Self-assessment tool on Child Protection Policies in sports

What is this Tool?

This tool has been developed in the context of the ACTIVE Research project (PROJECT NUMBER: 856826) after extensive research in four EU member states: Greece, Cyprus, Italy, and Portugal. Through consultation with 243 sport club professionals, coaches, young athletes and parent/carer s of young athletes (Transnational report can be found here), ACTIVE Self-Assessment Tool is designed to help you evaluate if your sport club organisation is doing everything possible to keep children safe.

What can this tool do for your sport club organisation?

  • This tool helps you comply with the principles of the United Nations Convention on the Rights of the Child in the practical context of your activities.
  • It provides guidance on how your club organisation should assess and reflect on your current practices and mechanisms, with a view to improve and/or develop an efficient child safeguarding policy and therefore reap benefits to all parties involved (children and their families as well as sports professionals, managers and other relevant persons).

What is Child-safeguarding?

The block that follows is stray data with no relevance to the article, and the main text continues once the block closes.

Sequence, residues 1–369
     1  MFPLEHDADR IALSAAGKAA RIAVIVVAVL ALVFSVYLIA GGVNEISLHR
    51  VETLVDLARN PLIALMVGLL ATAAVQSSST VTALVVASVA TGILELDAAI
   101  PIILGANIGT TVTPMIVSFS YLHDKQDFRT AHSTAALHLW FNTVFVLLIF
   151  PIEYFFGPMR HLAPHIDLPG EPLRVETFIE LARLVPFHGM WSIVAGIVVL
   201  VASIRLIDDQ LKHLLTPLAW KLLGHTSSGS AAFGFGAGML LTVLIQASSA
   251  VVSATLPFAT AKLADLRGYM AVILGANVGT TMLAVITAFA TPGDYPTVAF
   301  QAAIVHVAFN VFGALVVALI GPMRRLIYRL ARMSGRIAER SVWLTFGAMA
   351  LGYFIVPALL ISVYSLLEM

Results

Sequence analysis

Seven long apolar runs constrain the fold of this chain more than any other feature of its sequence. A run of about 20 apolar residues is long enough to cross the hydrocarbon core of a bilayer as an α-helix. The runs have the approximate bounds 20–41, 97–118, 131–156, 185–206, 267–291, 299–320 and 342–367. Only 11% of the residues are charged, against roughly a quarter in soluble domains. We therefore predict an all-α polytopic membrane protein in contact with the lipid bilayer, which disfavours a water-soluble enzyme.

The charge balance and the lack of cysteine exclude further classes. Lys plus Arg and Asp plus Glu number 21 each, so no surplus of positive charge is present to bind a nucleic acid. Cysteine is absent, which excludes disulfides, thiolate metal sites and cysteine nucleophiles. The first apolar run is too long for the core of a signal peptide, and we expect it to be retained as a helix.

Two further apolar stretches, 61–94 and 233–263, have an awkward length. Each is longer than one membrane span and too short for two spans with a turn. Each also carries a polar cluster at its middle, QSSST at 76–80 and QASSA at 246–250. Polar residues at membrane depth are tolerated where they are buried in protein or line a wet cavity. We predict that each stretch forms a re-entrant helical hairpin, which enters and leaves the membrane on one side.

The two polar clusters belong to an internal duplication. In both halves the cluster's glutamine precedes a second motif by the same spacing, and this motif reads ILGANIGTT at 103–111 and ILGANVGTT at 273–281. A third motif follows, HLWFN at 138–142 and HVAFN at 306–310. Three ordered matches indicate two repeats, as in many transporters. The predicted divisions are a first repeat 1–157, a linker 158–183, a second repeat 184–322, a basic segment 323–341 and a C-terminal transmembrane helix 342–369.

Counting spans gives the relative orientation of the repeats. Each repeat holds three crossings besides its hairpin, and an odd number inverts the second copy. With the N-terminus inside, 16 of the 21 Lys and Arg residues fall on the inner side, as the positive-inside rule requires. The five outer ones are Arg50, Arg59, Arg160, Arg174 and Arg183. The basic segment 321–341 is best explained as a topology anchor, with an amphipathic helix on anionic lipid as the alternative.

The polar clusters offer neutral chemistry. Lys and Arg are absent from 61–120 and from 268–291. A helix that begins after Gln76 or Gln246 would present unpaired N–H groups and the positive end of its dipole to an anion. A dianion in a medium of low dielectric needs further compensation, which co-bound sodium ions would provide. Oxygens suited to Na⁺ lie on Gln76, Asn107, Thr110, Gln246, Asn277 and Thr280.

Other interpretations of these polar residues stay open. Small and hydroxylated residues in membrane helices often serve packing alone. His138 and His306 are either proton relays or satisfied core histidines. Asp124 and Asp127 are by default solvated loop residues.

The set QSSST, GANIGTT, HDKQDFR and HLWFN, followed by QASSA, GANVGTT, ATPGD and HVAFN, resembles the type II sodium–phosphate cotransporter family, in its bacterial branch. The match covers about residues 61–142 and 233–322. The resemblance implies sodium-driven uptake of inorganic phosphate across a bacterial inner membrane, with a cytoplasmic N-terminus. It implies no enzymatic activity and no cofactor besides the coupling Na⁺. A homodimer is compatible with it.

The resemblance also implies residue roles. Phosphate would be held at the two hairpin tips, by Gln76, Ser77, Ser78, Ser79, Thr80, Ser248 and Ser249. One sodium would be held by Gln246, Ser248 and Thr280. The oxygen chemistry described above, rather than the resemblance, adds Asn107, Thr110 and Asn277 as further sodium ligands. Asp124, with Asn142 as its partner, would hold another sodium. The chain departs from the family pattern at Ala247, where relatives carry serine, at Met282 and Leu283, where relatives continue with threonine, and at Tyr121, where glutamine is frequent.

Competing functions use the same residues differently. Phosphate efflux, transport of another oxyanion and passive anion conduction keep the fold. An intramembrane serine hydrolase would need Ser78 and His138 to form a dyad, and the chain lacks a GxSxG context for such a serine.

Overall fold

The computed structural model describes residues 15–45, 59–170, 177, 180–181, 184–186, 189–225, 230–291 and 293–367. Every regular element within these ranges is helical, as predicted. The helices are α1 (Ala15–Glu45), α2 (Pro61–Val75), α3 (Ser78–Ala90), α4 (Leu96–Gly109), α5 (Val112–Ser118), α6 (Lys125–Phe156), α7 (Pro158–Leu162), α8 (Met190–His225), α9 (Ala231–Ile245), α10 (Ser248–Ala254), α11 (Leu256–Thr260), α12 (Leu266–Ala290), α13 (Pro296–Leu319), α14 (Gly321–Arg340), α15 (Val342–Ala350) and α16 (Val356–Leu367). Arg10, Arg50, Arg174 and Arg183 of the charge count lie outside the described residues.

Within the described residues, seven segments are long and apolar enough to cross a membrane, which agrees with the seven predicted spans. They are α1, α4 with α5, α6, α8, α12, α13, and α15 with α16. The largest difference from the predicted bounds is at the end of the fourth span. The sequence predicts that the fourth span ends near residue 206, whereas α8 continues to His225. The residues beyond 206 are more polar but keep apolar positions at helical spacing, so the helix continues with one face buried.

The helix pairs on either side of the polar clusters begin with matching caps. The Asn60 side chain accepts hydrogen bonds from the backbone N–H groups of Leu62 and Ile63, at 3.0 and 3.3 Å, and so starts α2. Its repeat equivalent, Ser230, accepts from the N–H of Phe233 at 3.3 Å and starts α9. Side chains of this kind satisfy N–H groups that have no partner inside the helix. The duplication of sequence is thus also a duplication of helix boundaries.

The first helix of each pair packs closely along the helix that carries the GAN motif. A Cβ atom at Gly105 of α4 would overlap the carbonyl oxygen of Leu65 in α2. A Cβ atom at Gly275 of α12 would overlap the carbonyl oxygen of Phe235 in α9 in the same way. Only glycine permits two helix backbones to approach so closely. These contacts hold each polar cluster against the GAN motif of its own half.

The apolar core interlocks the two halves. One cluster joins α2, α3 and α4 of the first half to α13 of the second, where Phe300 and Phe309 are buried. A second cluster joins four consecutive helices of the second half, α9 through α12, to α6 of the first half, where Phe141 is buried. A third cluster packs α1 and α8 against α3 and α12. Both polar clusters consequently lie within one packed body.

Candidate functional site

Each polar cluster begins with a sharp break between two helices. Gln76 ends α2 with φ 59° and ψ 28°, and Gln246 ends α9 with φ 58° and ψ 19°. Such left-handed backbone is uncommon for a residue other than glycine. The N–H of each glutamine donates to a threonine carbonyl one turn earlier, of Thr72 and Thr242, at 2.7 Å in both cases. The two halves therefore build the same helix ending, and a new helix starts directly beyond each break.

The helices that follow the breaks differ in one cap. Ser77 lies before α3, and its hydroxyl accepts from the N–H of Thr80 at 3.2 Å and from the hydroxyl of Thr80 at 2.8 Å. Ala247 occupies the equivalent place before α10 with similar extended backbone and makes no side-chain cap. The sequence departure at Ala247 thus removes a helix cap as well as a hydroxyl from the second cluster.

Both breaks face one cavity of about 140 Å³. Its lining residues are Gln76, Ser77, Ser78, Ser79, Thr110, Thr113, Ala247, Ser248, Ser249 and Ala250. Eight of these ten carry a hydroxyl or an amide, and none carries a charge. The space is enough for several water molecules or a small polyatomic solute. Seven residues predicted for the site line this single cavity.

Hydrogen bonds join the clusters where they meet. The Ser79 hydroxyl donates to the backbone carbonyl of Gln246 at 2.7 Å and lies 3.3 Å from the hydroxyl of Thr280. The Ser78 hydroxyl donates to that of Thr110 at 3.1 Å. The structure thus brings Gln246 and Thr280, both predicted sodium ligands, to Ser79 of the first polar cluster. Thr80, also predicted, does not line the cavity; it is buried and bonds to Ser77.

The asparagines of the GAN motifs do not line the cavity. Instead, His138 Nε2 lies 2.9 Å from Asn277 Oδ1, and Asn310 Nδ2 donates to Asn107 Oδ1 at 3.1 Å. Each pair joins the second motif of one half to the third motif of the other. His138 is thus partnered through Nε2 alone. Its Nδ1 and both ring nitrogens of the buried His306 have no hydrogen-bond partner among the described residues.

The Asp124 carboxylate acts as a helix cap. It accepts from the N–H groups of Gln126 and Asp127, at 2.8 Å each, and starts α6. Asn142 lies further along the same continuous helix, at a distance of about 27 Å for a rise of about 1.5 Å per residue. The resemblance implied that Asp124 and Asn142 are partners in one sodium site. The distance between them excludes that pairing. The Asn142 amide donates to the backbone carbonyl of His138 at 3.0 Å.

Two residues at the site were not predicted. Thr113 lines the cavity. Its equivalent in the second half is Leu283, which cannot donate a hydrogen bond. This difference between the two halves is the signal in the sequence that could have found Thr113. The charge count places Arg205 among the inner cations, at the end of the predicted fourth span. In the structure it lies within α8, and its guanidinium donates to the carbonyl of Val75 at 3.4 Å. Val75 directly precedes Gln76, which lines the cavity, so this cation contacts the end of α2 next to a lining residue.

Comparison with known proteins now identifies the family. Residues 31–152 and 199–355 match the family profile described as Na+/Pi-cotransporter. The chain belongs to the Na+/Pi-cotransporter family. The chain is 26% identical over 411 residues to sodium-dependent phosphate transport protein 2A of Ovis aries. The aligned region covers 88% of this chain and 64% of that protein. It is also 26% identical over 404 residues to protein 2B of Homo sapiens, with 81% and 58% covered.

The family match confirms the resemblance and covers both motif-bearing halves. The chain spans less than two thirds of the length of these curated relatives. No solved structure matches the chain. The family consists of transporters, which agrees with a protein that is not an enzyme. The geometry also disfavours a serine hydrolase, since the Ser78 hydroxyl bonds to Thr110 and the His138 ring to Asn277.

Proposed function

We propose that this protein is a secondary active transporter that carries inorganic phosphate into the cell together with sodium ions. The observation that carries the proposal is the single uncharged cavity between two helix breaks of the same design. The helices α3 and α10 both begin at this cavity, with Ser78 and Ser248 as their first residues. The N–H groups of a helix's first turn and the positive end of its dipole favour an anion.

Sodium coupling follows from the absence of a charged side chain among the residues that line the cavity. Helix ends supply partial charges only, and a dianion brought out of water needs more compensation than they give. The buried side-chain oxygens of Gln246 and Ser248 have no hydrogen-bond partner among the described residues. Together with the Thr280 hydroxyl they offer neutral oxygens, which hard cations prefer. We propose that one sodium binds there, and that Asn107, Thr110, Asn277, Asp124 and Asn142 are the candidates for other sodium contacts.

Preventing child violence and abuse requires a shift of policy, accountability, and processes. By child safeguarding we refer to prioritising children and changing the organization's entire purpose to place their rights, protection, and integrity at the centre of each decision. Children must be protected against any form of “violence” or abuse that may be caused in the sports activities and they have the right to practice sports activities in a safe environment.

Some types of violent and abusive behaviours against children are:

  • Physical abuse
  • Sexual abuse
  • Emotional/ psychological abuse
  • Neglect
  • Bullying

It is important to recognize that children can experience these forms of harm from older children, from their peer group, as well as from adults.

The sports workforce (volunteer/paid) are also well placed to identify safeguarding concerns that are occurring for children outside of the sport. These may come to light by observing a change in a child’s behavior or presentation, by a direct disclosure from a child, or by someone else sharing a concern about a child with an adult involved in sport. Adults involved in working with children and young people in sport have a responsibility to respond to these concerns early to safeguard children and young people.

To be able to complete the online self-assessment tool it is necessary to read through our Information Package Guide. This will provide you with concrete examples of violent behaviours and important information on child safeguarding that you will need to provide your answers.

Make sure your organisation is doing all it can to keep children safe: complete our free Online Self-Assessment Tool today and get research-driven feedback on how to improve your organisational practices on child safeguarding.

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